Vietnam era veteran retires from state’s Army National Guard
Feb 10, 2013 | 619 views | 0 0 comments | 2 2 recommendations | email to a friend | print
Command Sgt. Maj. Gregory Peck receives an American Flag after being awarded the Legion of Merit and the Tennessee Army National Guard Distinguished Service Medal. Peck was honored recently in a retirement ceremony at the Tennessee Army National Guard Armory on Sutherland Avenue in Knoxville.
Command Sgt. Maj. Gregory Peck receives an American Flag after being awarded the Legion of Merit and the Tennessee Army National Guard Distinguished Service Medal. Peck was honored recently in a retirement ceremony at the Tennessee Army National Guard Armory on Sutherland Avenue in Knoxville.
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Soldiers from the 278th Armored Cavalry Regiment gathered at the Knoxville armory on Feb. 3 to honor Command Sgt. Maj. Gregory Peck, a Knoxville native, who retired from the Tennessee Army National Guard after more than 42 years of service.

Sgt. Maj. Peck officially retires today when he turns 60, marking the end of an era. Peck is the last enlisted Vietnam Veteran still serving in the Tennessee Army National Guard.

“He’s been a great asset to the Guard and he will be missed,” said Maj. Gen. Terry “Max” Haston, Tennessee’s Adjutant General. “He brought invaluable experience to the organization that the soldiers have all learned from.”

Peck enlisted in the U.S. Army in February 1970, at age 17. By February 1972, he was operating heavy equipment, building roads, and setting up landing zones as a combat engineer in Vietnam with the 20th Engineer Brigade. He spent 10 years on active duty before joining the Tennessee Army National Guard.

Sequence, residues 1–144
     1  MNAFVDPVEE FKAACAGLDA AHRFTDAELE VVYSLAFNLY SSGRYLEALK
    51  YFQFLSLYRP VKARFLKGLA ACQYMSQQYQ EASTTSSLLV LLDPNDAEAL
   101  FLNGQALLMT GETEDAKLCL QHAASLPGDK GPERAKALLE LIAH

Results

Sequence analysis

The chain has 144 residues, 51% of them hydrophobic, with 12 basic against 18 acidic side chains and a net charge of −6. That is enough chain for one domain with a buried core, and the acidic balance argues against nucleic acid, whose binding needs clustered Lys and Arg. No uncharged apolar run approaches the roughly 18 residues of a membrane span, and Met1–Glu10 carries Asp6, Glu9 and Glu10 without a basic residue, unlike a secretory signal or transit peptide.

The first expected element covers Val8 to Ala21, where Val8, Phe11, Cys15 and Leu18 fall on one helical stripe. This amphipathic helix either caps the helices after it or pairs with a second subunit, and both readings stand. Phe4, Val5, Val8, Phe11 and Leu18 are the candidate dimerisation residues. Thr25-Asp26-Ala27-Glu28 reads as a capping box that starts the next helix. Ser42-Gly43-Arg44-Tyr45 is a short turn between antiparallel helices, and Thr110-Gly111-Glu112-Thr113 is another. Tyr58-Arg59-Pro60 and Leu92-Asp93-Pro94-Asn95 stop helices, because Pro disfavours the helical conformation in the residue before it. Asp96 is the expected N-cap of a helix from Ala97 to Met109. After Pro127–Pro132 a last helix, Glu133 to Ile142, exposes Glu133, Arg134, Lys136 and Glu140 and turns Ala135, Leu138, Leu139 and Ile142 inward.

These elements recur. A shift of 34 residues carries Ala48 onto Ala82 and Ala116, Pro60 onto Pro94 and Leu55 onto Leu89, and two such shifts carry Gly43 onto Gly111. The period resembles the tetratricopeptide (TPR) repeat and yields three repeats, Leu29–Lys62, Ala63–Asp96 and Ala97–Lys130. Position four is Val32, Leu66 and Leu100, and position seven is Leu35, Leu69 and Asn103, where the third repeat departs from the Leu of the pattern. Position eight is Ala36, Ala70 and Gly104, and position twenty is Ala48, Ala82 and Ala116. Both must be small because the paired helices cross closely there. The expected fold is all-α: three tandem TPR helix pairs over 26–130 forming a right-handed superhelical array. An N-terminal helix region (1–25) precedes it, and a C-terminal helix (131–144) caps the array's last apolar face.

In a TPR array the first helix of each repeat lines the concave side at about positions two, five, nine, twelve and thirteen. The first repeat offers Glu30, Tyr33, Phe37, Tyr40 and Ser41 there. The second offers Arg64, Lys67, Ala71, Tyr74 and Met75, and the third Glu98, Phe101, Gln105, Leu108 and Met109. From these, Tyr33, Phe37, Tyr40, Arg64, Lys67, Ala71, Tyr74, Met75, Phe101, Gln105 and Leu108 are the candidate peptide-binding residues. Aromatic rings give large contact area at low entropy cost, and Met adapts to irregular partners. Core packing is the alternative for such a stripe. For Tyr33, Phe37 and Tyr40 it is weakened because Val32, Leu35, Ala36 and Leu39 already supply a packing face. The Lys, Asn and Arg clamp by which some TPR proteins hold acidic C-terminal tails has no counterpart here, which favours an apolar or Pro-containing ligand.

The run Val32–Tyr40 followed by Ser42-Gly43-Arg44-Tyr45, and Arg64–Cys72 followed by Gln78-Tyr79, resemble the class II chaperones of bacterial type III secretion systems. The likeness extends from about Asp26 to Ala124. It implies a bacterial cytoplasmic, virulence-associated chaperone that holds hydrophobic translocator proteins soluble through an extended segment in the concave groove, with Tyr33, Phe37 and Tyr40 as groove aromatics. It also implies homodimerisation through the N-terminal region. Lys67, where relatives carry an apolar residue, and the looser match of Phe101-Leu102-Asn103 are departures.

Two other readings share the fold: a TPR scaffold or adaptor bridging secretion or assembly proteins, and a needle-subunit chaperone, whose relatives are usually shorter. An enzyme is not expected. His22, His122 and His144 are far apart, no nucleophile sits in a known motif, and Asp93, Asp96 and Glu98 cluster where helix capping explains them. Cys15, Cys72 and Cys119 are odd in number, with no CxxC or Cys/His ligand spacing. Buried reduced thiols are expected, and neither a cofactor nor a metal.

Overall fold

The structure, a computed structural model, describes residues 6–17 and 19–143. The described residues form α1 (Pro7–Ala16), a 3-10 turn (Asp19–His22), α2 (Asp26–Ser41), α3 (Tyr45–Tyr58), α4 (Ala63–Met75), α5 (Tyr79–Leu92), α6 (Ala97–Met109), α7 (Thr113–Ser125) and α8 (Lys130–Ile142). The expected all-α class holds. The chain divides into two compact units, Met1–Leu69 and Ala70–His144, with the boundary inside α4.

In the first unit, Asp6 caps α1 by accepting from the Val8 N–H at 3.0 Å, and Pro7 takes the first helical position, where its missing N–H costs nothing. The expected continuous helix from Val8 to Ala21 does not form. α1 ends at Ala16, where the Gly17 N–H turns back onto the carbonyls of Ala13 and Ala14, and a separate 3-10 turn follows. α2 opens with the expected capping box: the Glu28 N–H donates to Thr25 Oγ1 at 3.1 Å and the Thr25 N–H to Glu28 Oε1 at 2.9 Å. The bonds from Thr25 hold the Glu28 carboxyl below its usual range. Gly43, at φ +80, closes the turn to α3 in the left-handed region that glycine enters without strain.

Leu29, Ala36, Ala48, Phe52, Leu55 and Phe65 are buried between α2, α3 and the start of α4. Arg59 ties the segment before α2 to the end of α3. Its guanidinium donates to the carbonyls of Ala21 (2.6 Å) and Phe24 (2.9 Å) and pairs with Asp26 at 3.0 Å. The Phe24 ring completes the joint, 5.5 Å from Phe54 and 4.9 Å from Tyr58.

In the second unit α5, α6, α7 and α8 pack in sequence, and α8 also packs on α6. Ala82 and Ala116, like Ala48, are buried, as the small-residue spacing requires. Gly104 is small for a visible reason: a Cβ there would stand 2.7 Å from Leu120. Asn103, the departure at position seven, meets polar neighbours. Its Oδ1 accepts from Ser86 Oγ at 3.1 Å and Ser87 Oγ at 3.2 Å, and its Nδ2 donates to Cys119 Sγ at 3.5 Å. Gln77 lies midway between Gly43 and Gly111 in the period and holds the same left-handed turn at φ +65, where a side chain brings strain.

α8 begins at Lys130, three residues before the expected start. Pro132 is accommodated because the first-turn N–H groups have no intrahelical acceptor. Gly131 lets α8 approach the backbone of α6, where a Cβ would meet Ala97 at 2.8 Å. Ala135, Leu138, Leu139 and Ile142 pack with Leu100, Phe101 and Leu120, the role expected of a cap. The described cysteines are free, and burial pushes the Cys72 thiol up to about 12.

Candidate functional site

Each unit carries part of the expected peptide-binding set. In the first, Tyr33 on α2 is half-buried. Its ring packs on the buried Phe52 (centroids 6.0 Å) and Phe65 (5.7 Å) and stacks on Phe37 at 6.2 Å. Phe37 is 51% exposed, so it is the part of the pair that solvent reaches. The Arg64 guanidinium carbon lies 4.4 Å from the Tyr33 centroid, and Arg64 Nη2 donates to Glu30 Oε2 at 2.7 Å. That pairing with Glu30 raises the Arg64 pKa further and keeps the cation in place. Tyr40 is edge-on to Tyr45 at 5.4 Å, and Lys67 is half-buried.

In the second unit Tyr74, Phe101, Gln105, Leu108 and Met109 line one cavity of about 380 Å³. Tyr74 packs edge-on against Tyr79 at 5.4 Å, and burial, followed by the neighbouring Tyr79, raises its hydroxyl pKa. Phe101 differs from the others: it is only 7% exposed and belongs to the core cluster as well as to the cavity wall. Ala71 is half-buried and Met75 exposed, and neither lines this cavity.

Enlisting in the 278th Armored Cavalry Regiment in July 1980 at Pigeon Forge, he spent the next 32 years climbing the ranks to become one of the most senior enlisted soldiers in the 278th. In 2003, he became the command sergeant major for the Second Squadron in Kingsport and a year later deployed to Iraq for 18 months as the squadron’s senior non-commissioned officer. Peck returned to Iraq in 2010.

“I’ve seen change in our soldiers and our army,” Peck said. “Our equipment is much better and more reliable and our weapons are more accurate and lethal. We take better care of our soldiers. They wear better equipment for their own protection and we’re all trained in caring for the wounded.”

Peck said he’s been thinking of the impact of putting the uniform away.

“The army has been such a big part of my life and I will miss the association of so many good people I’ve had the pleasure of working and serving with.”

During the ceremony, Peck was awarded the Legion of Merit and the Tennessee Army National Guard Distinguished Service Medal for his service.